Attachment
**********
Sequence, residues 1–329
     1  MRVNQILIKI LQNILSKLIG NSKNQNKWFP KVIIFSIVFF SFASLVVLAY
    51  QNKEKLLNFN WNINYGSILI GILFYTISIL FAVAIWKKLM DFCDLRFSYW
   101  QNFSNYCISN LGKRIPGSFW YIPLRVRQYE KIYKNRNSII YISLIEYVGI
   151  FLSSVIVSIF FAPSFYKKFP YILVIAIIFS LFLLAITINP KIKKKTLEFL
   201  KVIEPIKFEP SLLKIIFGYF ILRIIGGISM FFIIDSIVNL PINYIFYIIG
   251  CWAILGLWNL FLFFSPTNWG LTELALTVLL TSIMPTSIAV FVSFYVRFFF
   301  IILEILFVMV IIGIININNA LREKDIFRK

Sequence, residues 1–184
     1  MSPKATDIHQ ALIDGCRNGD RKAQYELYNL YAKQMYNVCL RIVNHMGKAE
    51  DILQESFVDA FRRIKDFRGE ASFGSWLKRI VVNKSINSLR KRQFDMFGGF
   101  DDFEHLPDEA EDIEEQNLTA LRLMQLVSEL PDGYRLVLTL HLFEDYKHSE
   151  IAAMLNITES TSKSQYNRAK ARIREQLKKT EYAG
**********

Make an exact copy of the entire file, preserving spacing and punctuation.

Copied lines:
Sequence, residues 1–329
     1  MRVNQILIKI LQNILSKLIG NSKNQNKWFP KVIIFSIVFF SFASLVVLAY
    51  QNKEKLLNFN WNINYGSILI GILFYTISIL FAVAIWKKLM DFCDLRFSYW
   101  QNFSNYCISN LGKRIPGSFW YIPLRVRQYE KIYKNRNSII YISLIEYVGI
   151  FLSSVIVSIF FAPSFYKKFP YILVIAIIFS LFLLAITINP KIKKKTLEFL
   201  KVIEPIKFEP SLLKIIFGYF ILRIIGGISM FFIIDSIVNL PINYIFYIIG
   251  CWAILGLWNL FLFFSPTNWG LTELALTVLL TSIMPTSIAV FVSFYVRFFF
   301  IILEILFVMV IIGIININNA LREKDIFRK

Sequence, residues 1–184
     1  MSPKATDIHQ ALIDGCRNGD RKAQYELYNL YAKQMYNVCL RIVNHMGKAE
    51  DILQESFVDA FRRIKDFRGE ASFGSWLKRI VVNKSINSLR KRQFDMFGGF
   101  DDFEHLPDEA EDIEEQNLTA LRLMQLVSEL PDGYRLVLTL HLFEDYKHSE
   151  IAAMLNITES TSKSQYNRAK ARIREQLKKT EYAG